It’s amazing to me how many HR pros are now so focused on data. Not that I am surprised, I have lived by data for the past 10 years, it is just that until recently the HR data discussion was reserved for really big companies. These companies were using SAP, Oracle, PeopleSoft or some other system to inform them about the thousands of global employees they were trying to keep track of. Small and medium sized businesses neither had the systems or the desire (my impression) to track data. Now it’s all anyone can talk about, regardless of the size of your organization.
Why is data so important?
Two relevant, personal examples immediately come to mind. The first was when I was working for an organization that was looking to double the size of the organization over a 2 year period. Let’s say that organization had 500 employees and a 20% annual turnover rate. To get to 750 after the first year they would need to hire 350 employees (250 new heads and 100 backfill heads for the 20% that left). In the second year to get to 1000 they would need to hire 400 employees (250 new heads and 150 backfill). If the organization can cut its turnover in half, it would need to backfill 125 fewer employees over the two year period. At an extremely conservative cost of $25K per turnover (made up number, well below the actual cost) the company would save $3.125Mil over the two years. That’s a huge number. That is exactly what happened.
The second example was when I was trying to convince the CFO and CEO of a company to invest more money into getting employee referrals. There is a lot of research and literature that suggests that employee referrals are the best source of hire, but they wanted their own data. After aggregating data from a couple of sources we found that given a set period of time (we looked at 24 months post hire) referred new hires were twice as likely to still be with the company than non-referred employees. That’s a pretty important piece of information to have!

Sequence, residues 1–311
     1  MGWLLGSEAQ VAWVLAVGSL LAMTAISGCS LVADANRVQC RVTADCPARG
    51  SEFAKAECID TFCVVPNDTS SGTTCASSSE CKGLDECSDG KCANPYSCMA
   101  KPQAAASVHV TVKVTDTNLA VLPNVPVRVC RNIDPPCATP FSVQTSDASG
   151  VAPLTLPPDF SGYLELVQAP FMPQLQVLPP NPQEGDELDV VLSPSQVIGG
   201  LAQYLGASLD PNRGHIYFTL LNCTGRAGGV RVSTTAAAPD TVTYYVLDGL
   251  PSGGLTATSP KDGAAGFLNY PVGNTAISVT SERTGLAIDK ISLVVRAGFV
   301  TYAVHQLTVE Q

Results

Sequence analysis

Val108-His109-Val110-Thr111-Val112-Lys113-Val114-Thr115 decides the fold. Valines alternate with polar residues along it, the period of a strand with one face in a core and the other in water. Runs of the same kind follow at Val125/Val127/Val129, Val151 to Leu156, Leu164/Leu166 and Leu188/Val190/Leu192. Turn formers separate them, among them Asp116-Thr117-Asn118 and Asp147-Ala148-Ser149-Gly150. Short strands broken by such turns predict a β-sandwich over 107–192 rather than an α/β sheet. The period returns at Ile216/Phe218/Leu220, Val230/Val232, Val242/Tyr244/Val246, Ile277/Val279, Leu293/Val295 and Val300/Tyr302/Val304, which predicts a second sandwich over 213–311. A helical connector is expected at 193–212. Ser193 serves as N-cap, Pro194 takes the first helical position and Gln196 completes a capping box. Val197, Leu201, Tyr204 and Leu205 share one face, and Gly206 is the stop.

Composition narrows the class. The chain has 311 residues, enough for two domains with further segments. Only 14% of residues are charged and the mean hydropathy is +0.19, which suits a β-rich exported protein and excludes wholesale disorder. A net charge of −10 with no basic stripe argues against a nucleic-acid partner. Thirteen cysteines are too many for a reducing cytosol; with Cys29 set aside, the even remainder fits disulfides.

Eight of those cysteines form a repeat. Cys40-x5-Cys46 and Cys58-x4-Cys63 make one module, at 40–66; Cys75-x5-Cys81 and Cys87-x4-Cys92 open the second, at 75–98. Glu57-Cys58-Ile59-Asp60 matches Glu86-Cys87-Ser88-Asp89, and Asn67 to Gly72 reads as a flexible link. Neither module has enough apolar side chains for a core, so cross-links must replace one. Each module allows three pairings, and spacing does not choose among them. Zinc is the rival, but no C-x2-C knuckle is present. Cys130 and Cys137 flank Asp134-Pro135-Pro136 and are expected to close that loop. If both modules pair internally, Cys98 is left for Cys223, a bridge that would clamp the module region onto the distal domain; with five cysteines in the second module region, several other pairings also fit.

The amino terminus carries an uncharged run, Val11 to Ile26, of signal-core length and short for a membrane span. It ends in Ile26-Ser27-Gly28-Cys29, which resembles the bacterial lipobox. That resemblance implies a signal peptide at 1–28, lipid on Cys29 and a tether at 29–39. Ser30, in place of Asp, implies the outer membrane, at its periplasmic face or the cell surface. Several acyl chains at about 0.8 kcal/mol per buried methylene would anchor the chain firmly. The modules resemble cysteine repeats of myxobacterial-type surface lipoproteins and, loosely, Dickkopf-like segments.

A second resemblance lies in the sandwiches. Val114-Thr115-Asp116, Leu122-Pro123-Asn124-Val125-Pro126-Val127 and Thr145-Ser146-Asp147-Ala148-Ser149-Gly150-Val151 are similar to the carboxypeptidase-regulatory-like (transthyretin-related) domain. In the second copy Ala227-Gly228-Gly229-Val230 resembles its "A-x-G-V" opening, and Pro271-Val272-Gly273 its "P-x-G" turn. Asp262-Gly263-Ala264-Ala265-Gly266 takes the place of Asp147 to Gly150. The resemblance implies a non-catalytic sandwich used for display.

So what’s the issue?
Personally, I have always loved data. I love looking at hiring data and analyzing the success of an interview process. I love deploying surveys, calculating the results, setting benchmarks, creating action plans and trying to get the numbers to move. I love correlating data and seeing how making an organizational change can make a significant impact on survey results and ultimately your people.
And I love dashboards more than anything.
As an HR person there is nothing like being able to log into a system and seeing at your fingertips: open roles, costs, candidates in the pipeline, new hires, employee satisfaction, attrition or anything else related to your people.
It’s really too bad this doesn’t exist.
Crazy as that may sound, all I hear about is the frustration HR folks have trying to get accurate data so that they can make critical decisions. For example, if you wanted to measure the efficacy of a group of hiring managers based on a couple of factors, let’s say: time to hire, performance of new hires, satisfaction of new hires and attrition, you would need to log into multiple systems (ATS, Performance Management, HRIS), pull the data and try to put it all together in some kind of spreadsheet. In all likelihood none of those systems is providing the data in a clear way that make is easy to pull that spreadsheet together. Definitely, none of those systems allows you to integrate or easily pull data into so that maybe you could have one system of record and create one report, but that is for a different post.
While some might point to Workday as exactly what I am describing, that might be true from a dashboard standpoint, but where is the data? Companies are not using Workday for all of their talent management needs (They don’t have an ATS yet). Workday is also incredibly expensive to implement and maintain so clearly it is not for everyone.
Bottom line is the HR market is wide open for a company that wants to be the system of record for anything and everything HR related, has clean, configurable dashboards (think Salesforce) and creates great reports. Looking forward to seeing that sometime soon!